But the DS-10 wasn’t out for long before a leaked ROM was online, available outside Japan in advance of the official cartridge.
Then again, the situation isn’t as simple as it might appear. I heard unofficially via Korg Japan that they’ve sold tens of thousands of DS-10s in the opening days of its exclusive availability on Amazon.co.jp. Anecdotally, I know American buyers who bought the DS-10 via Amazon, but downloaded the pirated ROM while waiting for the official cart to ship. It’s impossible to tell what the ratio of pirates to would-be buyers to real buyers may be, though the one safe statement to make: this cartridge is ridiculously hot. It might not be Mario Kart popular, but it’s surprisingly successful for a vintage synth emulation that’s not a game.
…Makes Some Inspiring Music
In the meantime, chip musicians took the opportunity to use the first 24 hours of its availability, starting July 28, to make music with the DS-10 – albeit via the pirated ROM. I was all set to launch into a big rant about two trends I think can be negative: the online obsession with newness, and the danger that rampant piracy could destroy important development projects. Then I listened to the tracks, which sound, frankly, fantastic. And the artists include some of game music’s best artists:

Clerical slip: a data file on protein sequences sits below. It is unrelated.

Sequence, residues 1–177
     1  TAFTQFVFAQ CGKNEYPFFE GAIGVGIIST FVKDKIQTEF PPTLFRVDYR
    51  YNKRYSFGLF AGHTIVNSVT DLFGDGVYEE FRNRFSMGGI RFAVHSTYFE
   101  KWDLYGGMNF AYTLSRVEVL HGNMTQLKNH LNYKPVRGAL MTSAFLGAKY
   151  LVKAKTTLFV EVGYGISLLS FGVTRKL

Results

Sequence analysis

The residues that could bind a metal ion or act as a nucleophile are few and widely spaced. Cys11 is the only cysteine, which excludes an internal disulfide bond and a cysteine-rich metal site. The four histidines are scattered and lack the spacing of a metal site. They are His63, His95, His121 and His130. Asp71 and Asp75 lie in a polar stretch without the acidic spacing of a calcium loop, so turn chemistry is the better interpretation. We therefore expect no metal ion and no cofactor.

xcen /// cornelius soul trader /// starpause /// white kundalini /// deep cuts from detroit /// submliminal labs /// aliceffekt /// evan morris /// rhinostrich /// nitro2k01 /// a_rival /// tibitekutyan
Links to the download are available here:
So I’ll close by saying this. I think there is an easy solution here, and it’s to make sure that flash loaders support homebrew development, and that we support game developers doing great stuff by buying their software. The easy antidote to the potential damage of the leaked DS-10 ROM: going out and buying the DS-10, too, when it’s available. (You can even join those buying it from Amazon Japan.)
Piracy isn’t a problem so long as you also buy the darned cartridge. And please, if you can, go make inspiring music with the bought cartridge. Then everyone’s happy.
That doesn’t solve Nintendo’s problems, though. In terms of how the Nintendo flash loader lawsuit will impact the vibrant homebrew scene, all we can do is wait and watch. (And if you do have a chance to pick up a flash loader, you, um, might indeed want to do it now.)